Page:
This is an impassioned book, the story of an insurgency in Burma drawn from interviews with those who experienced it. The narrative tells how the writer, Mac McClelland, traveled to Thailand to work as a volunteer with a group called Burma Action, and stayed for several weeks, teaching English.
If the trials of a temporary teacher seem slight as a subject, there is much more to it all than that.
For one thing, the name of both the organization, located near the border at Mae Sot, in what is ostensibly a camp for refugees, and the names of all the participants, have had to be disguised. Burma is now called Myanmar by the military government that runs it, and the liaison group for those who have fled from conflict does not exist, at least under the name of “Burma Action.” Those involved have all taken part in the insurgency, or are victims of it, but they are not recognized as refugees in Thailand.
The Karen (accent on the second syllable) constitute one of the larger minorities in an incredibly complicated country, “with seven major and a dozen subnationalities, where the minorities collectively are not so minor.”
What is remarkable about the Karen is that they have been fighting against their Burmese overlords, who form the majority, since 1949.
Burma became independent in 1948, in a union that rapidly disintegrated. It is now more than 60 years since the Karen National Union declared war on the government, the world’s longest-running conflict.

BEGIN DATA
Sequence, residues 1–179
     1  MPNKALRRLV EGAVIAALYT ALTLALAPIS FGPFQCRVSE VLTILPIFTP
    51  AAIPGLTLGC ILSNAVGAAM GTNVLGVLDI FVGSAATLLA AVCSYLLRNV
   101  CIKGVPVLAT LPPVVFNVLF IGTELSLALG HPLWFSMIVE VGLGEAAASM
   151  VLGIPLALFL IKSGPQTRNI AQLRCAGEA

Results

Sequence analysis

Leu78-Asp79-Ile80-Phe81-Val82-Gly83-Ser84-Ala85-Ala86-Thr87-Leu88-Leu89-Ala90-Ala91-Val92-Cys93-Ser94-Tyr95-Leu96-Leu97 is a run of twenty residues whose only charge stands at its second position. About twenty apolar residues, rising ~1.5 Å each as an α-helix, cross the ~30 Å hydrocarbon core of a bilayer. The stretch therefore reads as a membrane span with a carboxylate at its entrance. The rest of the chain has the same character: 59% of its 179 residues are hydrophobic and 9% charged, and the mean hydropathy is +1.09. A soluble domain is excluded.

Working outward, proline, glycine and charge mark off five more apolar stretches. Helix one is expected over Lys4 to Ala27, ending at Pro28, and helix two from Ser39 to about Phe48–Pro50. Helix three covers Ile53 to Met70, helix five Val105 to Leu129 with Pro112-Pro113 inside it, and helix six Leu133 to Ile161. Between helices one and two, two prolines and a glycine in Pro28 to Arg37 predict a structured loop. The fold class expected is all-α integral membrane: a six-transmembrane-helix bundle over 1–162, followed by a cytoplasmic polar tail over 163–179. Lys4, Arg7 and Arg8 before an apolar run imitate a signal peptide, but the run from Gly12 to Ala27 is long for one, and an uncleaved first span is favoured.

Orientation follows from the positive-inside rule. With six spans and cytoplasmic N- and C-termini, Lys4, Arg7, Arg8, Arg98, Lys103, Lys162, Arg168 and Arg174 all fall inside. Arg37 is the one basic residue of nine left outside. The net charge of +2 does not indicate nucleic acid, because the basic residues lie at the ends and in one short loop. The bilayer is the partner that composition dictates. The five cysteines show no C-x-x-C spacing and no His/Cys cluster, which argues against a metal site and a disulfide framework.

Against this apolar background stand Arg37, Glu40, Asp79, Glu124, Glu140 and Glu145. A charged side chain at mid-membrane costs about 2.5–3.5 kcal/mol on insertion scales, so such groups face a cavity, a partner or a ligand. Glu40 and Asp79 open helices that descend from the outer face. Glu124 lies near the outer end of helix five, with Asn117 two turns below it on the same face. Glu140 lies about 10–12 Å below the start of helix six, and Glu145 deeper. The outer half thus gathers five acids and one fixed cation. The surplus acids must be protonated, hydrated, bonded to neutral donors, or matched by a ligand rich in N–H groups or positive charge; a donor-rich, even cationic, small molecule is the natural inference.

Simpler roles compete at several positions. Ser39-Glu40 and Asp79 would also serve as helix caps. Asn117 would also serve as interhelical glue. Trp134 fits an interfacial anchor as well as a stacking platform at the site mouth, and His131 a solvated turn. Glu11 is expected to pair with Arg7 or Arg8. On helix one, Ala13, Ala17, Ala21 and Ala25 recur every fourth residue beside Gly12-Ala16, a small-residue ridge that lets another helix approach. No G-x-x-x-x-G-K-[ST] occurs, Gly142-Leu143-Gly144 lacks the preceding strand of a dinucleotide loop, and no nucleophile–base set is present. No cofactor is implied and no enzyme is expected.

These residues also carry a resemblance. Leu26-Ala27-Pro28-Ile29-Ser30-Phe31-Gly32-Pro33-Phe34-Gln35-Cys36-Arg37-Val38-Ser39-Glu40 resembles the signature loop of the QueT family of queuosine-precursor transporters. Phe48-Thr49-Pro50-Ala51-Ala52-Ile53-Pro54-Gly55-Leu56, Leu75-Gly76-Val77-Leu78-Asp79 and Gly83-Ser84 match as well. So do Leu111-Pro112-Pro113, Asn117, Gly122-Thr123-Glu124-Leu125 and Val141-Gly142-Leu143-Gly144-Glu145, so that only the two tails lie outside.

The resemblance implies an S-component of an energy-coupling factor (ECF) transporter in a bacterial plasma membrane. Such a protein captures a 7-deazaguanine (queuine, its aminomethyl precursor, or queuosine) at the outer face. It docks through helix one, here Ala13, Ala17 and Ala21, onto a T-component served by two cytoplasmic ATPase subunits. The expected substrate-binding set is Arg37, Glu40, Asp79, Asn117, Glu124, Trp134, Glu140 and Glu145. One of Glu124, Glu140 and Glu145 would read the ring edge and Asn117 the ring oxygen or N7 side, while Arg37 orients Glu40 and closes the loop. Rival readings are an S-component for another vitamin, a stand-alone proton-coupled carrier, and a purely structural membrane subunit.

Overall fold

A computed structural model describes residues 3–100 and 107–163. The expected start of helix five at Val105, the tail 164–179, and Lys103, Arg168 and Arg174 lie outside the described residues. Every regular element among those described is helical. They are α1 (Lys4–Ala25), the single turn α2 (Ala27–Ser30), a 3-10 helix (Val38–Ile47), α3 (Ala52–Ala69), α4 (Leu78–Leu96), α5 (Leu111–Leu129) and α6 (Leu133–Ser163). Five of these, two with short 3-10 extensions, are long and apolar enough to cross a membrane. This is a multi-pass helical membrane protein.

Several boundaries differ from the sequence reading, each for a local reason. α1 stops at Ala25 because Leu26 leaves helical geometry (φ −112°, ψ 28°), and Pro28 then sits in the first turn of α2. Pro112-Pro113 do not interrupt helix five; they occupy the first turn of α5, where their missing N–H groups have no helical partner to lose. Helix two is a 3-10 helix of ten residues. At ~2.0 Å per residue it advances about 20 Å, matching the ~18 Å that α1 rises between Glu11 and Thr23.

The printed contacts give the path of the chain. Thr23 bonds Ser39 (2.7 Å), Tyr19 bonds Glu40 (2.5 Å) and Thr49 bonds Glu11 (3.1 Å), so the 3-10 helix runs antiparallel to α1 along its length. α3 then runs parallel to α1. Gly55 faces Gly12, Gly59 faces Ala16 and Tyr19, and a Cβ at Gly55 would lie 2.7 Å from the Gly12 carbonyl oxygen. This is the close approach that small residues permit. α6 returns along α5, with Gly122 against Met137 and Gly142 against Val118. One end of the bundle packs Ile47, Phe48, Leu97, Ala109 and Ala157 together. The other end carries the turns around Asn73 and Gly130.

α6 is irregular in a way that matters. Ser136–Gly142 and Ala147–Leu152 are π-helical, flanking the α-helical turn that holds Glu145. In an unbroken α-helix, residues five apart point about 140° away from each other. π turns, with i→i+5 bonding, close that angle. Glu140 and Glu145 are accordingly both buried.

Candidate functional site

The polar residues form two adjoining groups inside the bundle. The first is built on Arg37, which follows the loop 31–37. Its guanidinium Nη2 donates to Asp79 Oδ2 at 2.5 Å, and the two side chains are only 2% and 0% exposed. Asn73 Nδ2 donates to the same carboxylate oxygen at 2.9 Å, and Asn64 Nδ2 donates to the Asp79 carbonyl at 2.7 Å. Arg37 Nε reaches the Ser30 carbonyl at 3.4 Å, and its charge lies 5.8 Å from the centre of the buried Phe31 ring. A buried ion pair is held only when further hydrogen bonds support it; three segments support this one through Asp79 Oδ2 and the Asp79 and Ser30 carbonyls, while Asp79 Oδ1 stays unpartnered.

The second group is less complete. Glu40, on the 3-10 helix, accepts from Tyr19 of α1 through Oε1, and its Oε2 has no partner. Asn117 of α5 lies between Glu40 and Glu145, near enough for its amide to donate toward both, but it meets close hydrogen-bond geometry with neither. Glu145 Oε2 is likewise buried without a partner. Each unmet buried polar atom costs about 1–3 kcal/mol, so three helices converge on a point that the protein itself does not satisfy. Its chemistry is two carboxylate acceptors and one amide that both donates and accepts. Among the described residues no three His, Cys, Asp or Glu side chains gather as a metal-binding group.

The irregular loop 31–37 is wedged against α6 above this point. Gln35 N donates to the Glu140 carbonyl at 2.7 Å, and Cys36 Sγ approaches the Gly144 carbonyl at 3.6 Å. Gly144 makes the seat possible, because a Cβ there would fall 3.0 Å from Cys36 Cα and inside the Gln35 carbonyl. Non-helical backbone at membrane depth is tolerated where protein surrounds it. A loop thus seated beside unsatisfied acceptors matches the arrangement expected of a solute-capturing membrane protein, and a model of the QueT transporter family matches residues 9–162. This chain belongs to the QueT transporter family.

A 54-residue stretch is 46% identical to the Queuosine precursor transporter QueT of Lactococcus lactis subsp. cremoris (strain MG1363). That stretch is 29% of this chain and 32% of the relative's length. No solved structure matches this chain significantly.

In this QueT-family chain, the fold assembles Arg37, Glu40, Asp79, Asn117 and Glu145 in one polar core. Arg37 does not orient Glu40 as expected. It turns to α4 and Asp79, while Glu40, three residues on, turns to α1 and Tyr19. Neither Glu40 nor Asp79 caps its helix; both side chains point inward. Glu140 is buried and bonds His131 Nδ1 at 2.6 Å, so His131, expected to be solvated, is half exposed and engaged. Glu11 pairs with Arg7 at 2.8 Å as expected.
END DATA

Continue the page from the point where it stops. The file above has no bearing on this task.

The title of the book, one of their four principles of revolution, suggests their unyielding determination. The book opens with a drinking session at what is in fact the author’s leaving party, six weeks after her arrival.
During that time she gets to know the displaced rebels, and hears their stories, sometimes movingly expressed in English compositions. She learns how they are harassed by the Thai police, and are sometimes the victims of cross-border incursions from their own country, to which they secretly return to gather intelligence from time to time.
The insecurity and cramped living conditions that they endure as displaced persons pale beside the sufferings of people in the homeland, at the hands of the Burmese Army.
What is most valuable about this book, which is well reported, is the background information that McClelland interpolates into her tale. We learn, therefore, how brave the Karen are; how they cooperated with the British conquerors, who subsequently abandoned them; how many of them are animist or Christian, and thus at odds with the predominantly Buddhist state.
The long conflict has not been going well for them lately, with the formation of a new group of Buddhist Karen, and several significant defeats. Despite the lack of clear accounts from inside Burma, the scale of violent oppression is well attested to by the tens of thousands who have escaped to Thailand.
Among the subjects usefully aired in the book is whether tourists should go there (and using the old name for the country is one form of protest). Sixty pages of notes support the wealth of information about matters such as health, education, and breaches of basic human rights. But the claim that child soldiers are widely used to fight in Burma is slightly undermined by the fact that this famously includes the Karen, prompting a defensive footnote.
Whether suppression of the Karen insurgency can be properly called “genocide” is not the point — which is rather that they have been forgotten by the outside world. The military government has promised to hold a new election this year, which will certainly be something to watch.